Vivek Ramaswamy has made an anti-ESG crusade the central theme of his long-shot bid for the 2024 Republican presidential nomination, but long before the former hedge fund investor jumped into the race, ESG had become politically problematic. But that doesn’t make it bad business. A group of authors from FTI Consulting talk about how corporate leaders can navigate risk around ESG efforts.
Christine DiBartolo, Cheyenne Hopkins, Darius Johnson, Jess Roston, Raleigh Miller and Will O’Brien co-authored this article.
While the debate continues to grow over how ESG should factor into business strategies, regulation and investment decisions, companies managing this charged environment should take comfort in knowing that the key to successfully navigating this rapidly evolving landscape boils down to a few core principles.
In the United States, the concept of ESG — environmental, social and governance factors companies and investors use to evaluate business risk and opportunity — has become a political lightning rod. Building steam over the past year, the movement toward ESG polarization has been punctuated by recent events, including legal feuds between prominent brands and major political figures. The national attention such conflicts elicit illustrates how much and how quickly the discourse around ESG has changed and the potential impact — commercial and reputational — these issues can have on a company and its leadership.
The business community’s stance on ESG has shifted, too. During a recent gathering of the Fortune Impact Initiative, few executives defended the continued use of ESG as a term, but most said they planned to double down on ESG issues.
As companies and business leaders seek guidance on emerging ESG issues taking hold in the public discourse and how to navigate associated risk, we identified several key principles to guide companies in authentically engaging around these critical issues. Our top guiding principles include:
1. Remain true to corporate purpose.
Irrespective of the issue, companies that remain rooted in their purpose and allow decisions to be guided by a clearly articulated mission and vision prove to be far more resilient and trusted than companies that routinely change positions on issues or that rush into debates that can draw scrutiny from stakeholders. Companies have the opportunity to demonstrate authenticity as they engage — or refrain from engaging — around issues that align with their value-creation purpose.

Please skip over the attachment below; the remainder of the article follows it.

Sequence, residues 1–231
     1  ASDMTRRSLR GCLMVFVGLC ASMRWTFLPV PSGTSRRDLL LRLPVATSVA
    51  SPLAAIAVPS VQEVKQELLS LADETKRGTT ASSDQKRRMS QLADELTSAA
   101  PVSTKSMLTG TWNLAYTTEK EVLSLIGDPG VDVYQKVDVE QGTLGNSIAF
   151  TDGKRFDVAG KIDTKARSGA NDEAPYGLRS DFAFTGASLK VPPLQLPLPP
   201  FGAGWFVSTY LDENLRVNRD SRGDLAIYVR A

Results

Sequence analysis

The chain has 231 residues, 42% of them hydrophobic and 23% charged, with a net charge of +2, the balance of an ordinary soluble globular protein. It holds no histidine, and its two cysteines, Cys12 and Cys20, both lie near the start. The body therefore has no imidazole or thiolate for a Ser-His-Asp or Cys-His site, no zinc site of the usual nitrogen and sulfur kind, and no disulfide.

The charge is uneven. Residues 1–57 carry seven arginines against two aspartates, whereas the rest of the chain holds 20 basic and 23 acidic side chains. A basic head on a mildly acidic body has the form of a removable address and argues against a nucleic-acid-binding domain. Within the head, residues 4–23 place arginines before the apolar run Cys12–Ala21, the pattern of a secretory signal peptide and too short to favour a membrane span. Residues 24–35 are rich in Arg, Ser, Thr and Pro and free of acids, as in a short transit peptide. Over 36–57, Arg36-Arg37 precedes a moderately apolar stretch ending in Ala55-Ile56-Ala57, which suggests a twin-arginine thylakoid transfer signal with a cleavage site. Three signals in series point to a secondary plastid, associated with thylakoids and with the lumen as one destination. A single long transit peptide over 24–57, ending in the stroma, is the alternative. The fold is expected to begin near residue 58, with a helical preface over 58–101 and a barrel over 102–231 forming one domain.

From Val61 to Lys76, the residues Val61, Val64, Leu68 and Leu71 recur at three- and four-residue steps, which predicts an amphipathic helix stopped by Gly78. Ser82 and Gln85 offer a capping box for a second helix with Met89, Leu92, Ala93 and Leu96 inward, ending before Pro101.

2. Take an approach focused on value creation and rooted in data.
Companies with mature ESG programs that are thoughtfully linked to a corporate business strategy have ample data at their disposal. Leveraging this information to demonstrate and routinely communicate the quantifiable financial benefits of an ESG strategy is a must. Put another way, companies should shift the focus of their ESG engagement from anything resembling political debate to a discussion around how ESG creates sustainable value for the business and its stakeholders.
3. Understand where your stakeholders are and what they expect from the company and its leaders.
Employees: Consider an inside-out approach that focuses on addressing employees first. Companies need to understand where their employees are coming from to anticipate their views on ESG issues. While our “CEO Leadership Redefined” research shows that a significant majority of employees express a positive sentiment toward ESG when it is defined for them, employees are far from being a monolith, and the actions and positions they expect from their leaders is highly dependent upon the culture of the company, employee demographics and other factors. Independent of employee perspectives on external ESG factors, they are giving increasing weight to workplace culture dynamics like inclusion and belonging as they decide where they want to work and whether or not to stay.
Customers and communities: ESG programs should reinforce and accelerate corporate social responsibility (CSR) and external community engagement efforts. For example, a 2019 survey found that 80% of U.S. consumers believe companies should support societal issues related to human rights.
Policy influencers: Our CEO research shows an almost exact 50-50 split in D.C. policy influencers between those who believe ESG is “doing well by doing good” and those who claim ESG is simply “woke.” This suggests that any decision around how to approach ESG will be met both with approval and opposition by policy influencers.
Investors: Investors, meanwhile, continue to consistently see the value in ESG. Our CEO research shows that seven in 10 institutional investors see ESG as “an important risk management tool.”
4. Thoughtfully consider how to respond and engage on critical issues.
Identify first whether further engagement will support the long-term value and reputation of the organization and if the issue is central enough to your business and values that you have a right to engage. For example, our data shows that 68% of employees, 79% of investors and 95% of policy influencers agree CEOs should engage in politics only if the issue directly affects the company’s operations
The hot debate playing out around the viability of ESG has companies rightfully paying attention to what’s around the corner and how they will be required to engage. While the trajectory of ESG’s ultimate role within business remains uncertain, companies that stay authentic and consistent, focus on value, remain attuned to the expectations of their stakeholders and that engage thoughtfully will be best positioned for success as demands around ESG engagement continue to shift with the rapidly evolving landscape.